Becoming a Naval Helicopter Pilot
"Lieutenant Junior Grade Kayla Alexander!" The emcee's announcement echoed throughout the auditorium, prompting a loud round of applause and cheers. Alexander rose to her feet, walking confidently to the stage.
On the chest of her mostly blank dress white uniform, there was a space that would soon be filled by a pair of shining, golden wings - the culmination of more than two years of what Alexander said is one of the most difficult and prestigious training pipelines the Navy has to offer.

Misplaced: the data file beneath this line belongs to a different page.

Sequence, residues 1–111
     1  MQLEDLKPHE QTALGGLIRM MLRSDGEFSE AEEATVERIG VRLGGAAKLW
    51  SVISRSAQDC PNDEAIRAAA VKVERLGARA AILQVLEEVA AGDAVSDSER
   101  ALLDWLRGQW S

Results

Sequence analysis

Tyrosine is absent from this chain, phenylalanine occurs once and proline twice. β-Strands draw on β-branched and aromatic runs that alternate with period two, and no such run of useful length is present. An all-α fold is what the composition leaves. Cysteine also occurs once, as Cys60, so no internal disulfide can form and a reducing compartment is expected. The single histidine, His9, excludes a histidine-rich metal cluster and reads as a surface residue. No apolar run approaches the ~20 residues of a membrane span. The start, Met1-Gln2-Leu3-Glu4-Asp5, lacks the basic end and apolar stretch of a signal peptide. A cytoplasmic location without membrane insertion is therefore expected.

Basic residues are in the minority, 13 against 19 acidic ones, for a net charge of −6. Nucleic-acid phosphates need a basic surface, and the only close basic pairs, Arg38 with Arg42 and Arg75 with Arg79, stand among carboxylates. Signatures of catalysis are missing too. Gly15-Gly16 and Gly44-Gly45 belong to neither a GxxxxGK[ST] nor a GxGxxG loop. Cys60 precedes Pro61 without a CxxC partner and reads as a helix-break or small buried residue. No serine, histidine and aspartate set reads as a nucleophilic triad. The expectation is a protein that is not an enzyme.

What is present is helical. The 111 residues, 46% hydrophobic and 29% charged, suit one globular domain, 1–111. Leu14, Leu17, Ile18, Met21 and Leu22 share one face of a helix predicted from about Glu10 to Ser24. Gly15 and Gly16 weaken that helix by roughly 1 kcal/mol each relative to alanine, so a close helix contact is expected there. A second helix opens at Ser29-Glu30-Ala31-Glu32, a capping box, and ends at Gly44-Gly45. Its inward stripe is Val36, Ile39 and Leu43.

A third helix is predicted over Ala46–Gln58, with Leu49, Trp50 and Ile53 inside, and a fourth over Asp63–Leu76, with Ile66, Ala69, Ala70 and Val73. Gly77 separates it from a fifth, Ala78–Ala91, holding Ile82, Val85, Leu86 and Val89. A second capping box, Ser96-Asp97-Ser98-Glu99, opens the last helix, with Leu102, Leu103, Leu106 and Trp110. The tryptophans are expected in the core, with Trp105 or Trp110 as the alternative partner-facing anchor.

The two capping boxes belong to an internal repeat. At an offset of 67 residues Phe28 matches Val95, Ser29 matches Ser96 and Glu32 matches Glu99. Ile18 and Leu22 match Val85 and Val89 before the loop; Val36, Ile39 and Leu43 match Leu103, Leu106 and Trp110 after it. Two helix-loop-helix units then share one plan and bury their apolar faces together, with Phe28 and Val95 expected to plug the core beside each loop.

Alexander's journey began more than a decade prior: When she was a child, she remembers seeing helicopters flying over her home and being both perplexed and intrigued.
"I thought they were the weirdest things ever," said Alexander. "It was amazing to me how they could just defy gravity like that."
The curiosity and interest in flying stuck with Alexander, but she never thought she'd actually have an opportunity to do it; instead she focused on a future career in health care. When speaking to a Navy recruiter after college, she thought back to her interest in flying, and decided to take the plunge, signing up to be a naval aviator.
"I knew from the get-go I wanted to fly helicopters - that's why I joined the Navy," she said.